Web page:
Prova de Artista [Artist’s Proof] is a borrowed term from printmaking (artist’s proofs are the copies that the author reserves for himself/herself, apart from the final edition of a work) referenced here as an investigation of the intimate relation that the artist has with his/her own work. Conceived and organized by the Fortes D’Aloia & Gabriel staff, this group show reflects the desire to unveil issues inherent to artistic process that are often confined to the production backstage.
By focusing on the decisions that lead the artist to recognize the work as being in its final state or to understand it as an experiment of his/her experience in the studio, the exhibition promotes the rediscovery of works such as Retalhos de Plástico [Plastic Rags] (1996) by Leda Catunda. Considered by the artist as a study, the work remained unseen and “forgotten” until then, and can now enter new semantic territories. Rodrigo Cass shows four videos from 2006 to 2007 in a sequence. These were his first contact with this medium, whose homemade mise-en-scène reveals an intimate and affective bond. Contents (2017), a concrete painting on linen, also develops this notion by reinterpreting the subjects from his notebook through some key concepts that guide his research.
As a group, the thirty drawings by Cabelo Sem Título [Untitled] (2017), denote an intense production rhythm, excerpted from a series of 140 oil studies done in only three days. Before becoming large scale panels, canvasses, and murals, his hybrid beings coexist with procedural notes, where the artist himself signals the intensity of his praxis by stating in one of the drawings: “não paro” [“I don’t stop”]. The word is also explored in Cartas para Poemas Automáticos [Letters for Automatic Poems] (2012) by Odires Mlászho, in which fragments of typographic clichés merge with the meshed background to give rise to abstract compositions.
Retrato [Portrait] (2008) by Luiz Zerbini represents a turning point in his career and exemplifies his diversified pictorial investigation. Originally exhibited as part of an installation at the Centro Universitário Maria Antonia (São Paulo, 2008), the work is a large black painting that goes to the limits of the problem of representation in painting: its reflective surface is filled by shadows of its surroundings.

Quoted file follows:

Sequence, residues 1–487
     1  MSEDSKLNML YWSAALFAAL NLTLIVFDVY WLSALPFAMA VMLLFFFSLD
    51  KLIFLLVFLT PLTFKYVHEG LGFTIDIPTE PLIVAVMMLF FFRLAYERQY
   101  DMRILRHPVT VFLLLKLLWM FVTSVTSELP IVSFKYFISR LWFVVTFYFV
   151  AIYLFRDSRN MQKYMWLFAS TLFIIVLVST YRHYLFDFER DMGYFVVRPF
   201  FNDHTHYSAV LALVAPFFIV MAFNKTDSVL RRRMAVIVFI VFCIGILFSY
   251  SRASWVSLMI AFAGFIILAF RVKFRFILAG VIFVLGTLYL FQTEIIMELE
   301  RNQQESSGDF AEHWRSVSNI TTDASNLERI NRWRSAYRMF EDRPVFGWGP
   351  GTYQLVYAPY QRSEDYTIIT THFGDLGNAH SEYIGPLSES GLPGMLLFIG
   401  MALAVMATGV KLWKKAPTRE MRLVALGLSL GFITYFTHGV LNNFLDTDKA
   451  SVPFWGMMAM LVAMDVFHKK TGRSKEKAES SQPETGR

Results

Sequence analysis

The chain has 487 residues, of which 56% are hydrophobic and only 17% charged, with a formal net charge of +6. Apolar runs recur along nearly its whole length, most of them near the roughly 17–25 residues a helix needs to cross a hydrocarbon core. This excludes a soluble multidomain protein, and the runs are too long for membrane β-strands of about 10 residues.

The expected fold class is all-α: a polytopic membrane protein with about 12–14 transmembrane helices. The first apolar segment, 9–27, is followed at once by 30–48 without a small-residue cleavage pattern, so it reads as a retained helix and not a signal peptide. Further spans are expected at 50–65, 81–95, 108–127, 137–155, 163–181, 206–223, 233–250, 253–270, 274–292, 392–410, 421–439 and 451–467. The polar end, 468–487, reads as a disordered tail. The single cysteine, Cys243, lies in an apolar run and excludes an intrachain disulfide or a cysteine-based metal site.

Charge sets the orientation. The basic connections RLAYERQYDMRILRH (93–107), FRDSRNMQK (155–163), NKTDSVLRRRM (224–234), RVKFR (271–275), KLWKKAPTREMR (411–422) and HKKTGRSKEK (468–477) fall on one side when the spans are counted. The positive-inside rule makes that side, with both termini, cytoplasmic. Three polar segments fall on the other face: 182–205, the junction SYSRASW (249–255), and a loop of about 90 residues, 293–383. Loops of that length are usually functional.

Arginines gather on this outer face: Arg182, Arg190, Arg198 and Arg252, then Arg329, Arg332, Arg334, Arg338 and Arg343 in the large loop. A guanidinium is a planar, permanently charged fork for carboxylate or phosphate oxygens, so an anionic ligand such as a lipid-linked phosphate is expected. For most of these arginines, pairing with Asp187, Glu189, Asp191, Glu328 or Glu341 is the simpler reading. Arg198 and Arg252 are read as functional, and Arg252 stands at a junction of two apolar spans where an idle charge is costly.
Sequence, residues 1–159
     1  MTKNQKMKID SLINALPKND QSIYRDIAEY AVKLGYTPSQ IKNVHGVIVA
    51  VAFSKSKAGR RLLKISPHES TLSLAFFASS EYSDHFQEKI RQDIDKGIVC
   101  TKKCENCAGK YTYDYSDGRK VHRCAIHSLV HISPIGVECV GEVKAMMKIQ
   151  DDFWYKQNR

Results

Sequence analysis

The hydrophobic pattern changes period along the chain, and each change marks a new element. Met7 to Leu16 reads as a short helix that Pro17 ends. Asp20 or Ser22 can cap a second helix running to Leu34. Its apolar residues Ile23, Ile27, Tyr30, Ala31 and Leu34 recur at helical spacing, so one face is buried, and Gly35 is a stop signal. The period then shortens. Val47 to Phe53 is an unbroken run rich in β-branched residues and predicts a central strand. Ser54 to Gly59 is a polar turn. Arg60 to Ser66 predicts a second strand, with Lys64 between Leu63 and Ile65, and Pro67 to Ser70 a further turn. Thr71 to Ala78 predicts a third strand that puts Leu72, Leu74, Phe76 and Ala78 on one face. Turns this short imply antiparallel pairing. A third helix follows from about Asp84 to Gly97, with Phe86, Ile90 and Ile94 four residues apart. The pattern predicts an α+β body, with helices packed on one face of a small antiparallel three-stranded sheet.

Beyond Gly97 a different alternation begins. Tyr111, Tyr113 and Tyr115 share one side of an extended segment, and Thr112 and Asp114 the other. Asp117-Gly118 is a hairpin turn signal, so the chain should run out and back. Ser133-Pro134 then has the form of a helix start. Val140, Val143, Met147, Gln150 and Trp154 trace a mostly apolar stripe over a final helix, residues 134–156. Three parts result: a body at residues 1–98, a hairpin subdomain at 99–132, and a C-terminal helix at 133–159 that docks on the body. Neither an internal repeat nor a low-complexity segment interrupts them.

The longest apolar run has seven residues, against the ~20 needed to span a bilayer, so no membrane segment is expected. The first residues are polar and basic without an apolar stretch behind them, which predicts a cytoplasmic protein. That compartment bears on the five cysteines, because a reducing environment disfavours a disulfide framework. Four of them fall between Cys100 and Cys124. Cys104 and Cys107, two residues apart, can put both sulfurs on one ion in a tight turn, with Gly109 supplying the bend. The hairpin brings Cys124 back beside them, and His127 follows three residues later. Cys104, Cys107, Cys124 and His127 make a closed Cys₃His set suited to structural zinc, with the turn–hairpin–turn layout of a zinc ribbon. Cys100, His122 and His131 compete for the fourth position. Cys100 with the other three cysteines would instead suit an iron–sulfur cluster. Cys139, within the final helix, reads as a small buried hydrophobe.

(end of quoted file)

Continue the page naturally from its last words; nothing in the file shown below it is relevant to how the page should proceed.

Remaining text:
Jac Leirner shows two works that demonstrate a continuous commitment to explore materials to the limit. Osso 008 (40 Desenhos) [Bone 008 (40 Drawings)] (2008) was conceived from the studies for her series with plastic bags, while Timeline (2008-2014) is made with paper chips from another work, chosen and grouped according to date inscriptions. Similarly, Lucia Laguna‘s Desenhos [Drawings] (2016) take shape from the material leftovers of her praxis: they are collages with the tapes used on her canvases that translate autonomously the abstraction developed in the paintings. Sara Ramo, in turn, creates sculptures with dental stone in Matriz and Perversão da Forma [Matrix and the Perversion of Form] (2015) using the paper masks from her video Os Ajudantes [The Helpers] (2015).
Cristiano Lenhardt‘s Radiador Bruto 5 [Raw Radiator 5] (2017) is part of a series begun in 2014. Taken from the world in their raw state, the work reveals a curious spontaneous abstraction whose geometry flirts with the random aspect of the artist’s other works. In a similar case, Rodrigo Matheus installs the carcass of an old air conditioner in the upper corner of one of the walls of the gallery. Potentialized by the permissive ambiguity of the test, this foreign body adheres to the space and establishes itself between doubt and the possibility of real belonging.
The Vermeer (1997-2002) series by Mauro Restiffe extends the boundaries of metalanguage by exploring the possibilities of the presence of the same photograph in different contexts. If Vermeer (1997) presented a sliced painting by Johannes Vermeer in the museum, Wrapped Vermeer (1999) is the photo of the 1997 picture wrapped in bubble wrap, while in Hanging Vermeer (2002) it reappears hanging in the photographic lab. This last one, first edited especially for this exhibition, is presented with a sequence of photographic contact sheets that explain different moments of the series and the artist’s decision process.
With Environ (2017), Pedro França occupies the second floor of the gallery creating a dystopic environment with shades of green and blue chroma key. The pieces are ambivalent and can be read both as autonomous sculptures and as scene objects whose presence converges in the video work that completes the installation. Using the chroma key surfaces to insert visual effects, the artist will continue to edit the video throughout the show, offering a changing work that unceasingly puts itself to the test.